An Aryan paragraph (German: Arierparagraph) is a clause in the statutes of an organization, corporation, or real estate deed that reserves membership and/or right of residence solely for members of the "Aryan race" and excludes from such rights any non-Aryans, particularly Jews or those of Jewish descent. They were an essential aspect of public life in Germany and Austria from 1885 to 1945.
In Austria and Germany
One of the first documentable examples of such a paragraph was written by the Austrian nationalist leader and anti-Semite Georg von Schönerer in his nationalistic Linz Program of 1882, and countless German national sports-clubs, song societies, school clubs, harvest circles and fraternities followed suit to also include Aryan paragraphs in their statutes. However, the best-known Aryan paragraphs are to be found in the legislation of Nazi Germany. They served as regulations to exclude Jews from organizations, federations, parties, and, ultimately, all public life. Besides Jews, people not considered Aryans included Poles, Serbs, Russians, and Slavs. Based on the bylaws and programs of antisemitic organizations and parties of the late 19th century (as the German Social Party in 1889), the Aryan Paragraph first appeared in the Third Reich in the formulation of the Law for the Restoration of the Professional Civil Service, which was passed on 7 April 1933. It stipulated that only those of Aryan descent, without Jewish parents or grandparents, could be employed in the civil service. The Aryan Paragraph was extended to education on 25 April 1933, in the Law against the Overcrowding of German Schools and Universities. On June 30 of the same year, it was broadened to entail that even marriage to a "non-Aryan" sufficed for exclusion from a civil service career. In keeping with Nazi synchronization (Gleichschaltung), Nazi Party pressure led many federations and organizations to adopt the Aryan Paragraph. Thus, Jews were barred from the public health system, lost their honorary public offices, were driven from editorial offices (Editor Law) and theaters (Reichskulturkammer), and were excluded from agriculture (Reichserbhofgesetz), a progression culminating in the Nuremberg Laws "for the final separation of Jewry from the German Volk". At the outset, there were exceptions to this discrimination (combat veterans, service in the National Rising [Erhebung], honorary Aryans, and so on), but now Jews and "Jewish mixed-breeds" (Mischlinge) were confronted with a ban on nearly all professions. The Aryan Paragraph was accepted largely without protest, except that within the Evangelical Church it provoked the splitting off of the Confessing Church.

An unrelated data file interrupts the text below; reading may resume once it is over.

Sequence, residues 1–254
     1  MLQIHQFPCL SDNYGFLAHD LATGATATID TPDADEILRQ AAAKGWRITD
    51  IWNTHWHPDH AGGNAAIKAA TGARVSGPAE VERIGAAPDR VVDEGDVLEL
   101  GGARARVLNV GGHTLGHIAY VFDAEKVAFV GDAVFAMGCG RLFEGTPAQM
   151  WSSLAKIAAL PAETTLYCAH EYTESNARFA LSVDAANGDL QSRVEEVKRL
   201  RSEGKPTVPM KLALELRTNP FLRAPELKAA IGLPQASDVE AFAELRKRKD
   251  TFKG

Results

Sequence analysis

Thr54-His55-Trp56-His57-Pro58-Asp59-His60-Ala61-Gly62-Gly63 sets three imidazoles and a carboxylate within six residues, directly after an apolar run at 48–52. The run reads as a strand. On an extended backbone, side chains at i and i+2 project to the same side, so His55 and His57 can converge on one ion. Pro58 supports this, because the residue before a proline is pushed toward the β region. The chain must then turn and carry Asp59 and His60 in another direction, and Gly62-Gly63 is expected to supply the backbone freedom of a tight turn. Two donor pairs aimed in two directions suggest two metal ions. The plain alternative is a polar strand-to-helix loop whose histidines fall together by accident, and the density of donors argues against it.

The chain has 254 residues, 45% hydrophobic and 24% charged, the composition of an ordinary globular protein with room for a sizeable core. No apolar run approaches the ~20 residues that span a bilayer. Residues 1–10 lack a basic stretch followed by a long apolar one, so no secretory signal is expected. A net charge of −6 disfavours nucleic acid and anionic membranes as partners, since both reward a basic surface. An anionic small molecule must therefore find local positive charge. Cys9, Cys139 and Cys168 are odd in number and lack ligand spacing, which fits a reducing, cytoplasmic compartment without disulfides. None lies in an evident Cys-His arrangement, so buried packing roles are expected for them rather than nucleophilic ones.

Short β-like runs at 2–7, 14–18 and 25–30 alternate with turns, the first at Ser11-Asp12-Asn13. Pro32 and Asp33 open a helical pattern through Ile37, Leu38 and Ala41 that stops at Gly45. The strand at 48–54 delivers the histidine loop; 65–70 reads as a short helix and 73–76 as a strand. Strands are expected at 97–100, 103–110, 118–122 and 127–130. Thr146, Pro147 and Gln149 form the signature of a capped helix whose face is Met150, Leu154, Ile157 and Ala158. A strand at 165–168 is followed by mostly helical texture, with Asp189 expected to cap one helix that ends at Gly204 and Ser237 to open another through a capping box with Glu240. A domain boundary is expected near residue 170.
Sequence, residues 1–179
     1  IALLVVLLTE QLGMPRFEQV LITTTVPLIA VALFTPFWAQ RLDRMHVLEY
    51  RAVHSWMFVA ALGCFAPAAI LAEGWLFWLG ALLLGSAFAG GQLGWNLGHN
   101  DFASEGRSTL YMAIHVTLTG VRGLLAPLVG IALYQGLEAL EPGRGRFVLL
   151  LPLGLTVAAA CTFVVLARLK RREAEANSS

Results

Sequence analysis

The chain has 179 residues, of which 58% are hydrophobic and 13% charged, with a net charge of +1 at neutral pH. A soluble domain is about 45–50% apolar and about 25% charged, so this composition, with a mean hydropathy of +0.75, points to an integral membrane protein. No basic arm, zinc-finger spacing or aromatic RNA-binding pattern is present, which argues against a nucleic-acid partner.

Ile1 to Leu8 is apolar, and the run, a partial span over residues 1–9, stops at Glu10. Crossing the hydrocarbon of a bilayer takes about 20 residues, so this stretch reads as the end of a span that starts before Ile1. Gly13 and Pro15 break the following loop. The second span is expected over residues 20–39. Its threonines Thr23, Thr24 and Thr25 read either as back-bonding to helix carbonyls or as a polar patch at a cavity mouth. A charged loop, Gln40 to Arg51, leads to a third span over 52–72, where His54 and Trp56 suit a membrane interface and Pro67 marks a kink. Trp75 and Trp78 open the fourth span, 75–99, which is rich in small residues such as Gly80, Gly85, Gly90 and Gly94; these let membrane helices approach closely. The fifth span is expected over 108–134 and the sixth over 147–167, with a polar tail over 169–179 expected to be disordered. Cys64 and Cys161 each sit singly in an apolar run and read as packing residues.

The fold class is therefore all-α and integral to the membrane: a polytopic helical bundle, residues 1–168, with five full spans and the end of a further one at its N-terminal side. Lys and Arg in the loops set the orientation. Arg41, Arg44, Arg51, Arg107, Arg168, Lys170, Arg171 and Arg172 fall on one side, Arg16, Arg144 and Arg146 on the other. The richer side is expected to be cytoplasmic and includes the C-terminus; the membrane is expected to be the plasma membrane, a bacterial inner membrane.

- Gordon, Sarah (1984). Hitler, Germans and the "Jewish Question". Princeton, NJ: Princeton University Press. ISBN 0-691-05412-6.
- Longerich, Peter (2010). Holocaust: The Nazi Persecution and Murder of the Jews. Oxford; New York: Oxford University Press. ISBN 978-0-19-280436-5.
- Christian Zentner, Friedemann Bedürftig (1991). The Encyclopedia of the Third Reich. Macmillan, New York. ISBN 0-02-897502-2
The information about Germany and Austria was translated from the German Wikipedia article on this subject.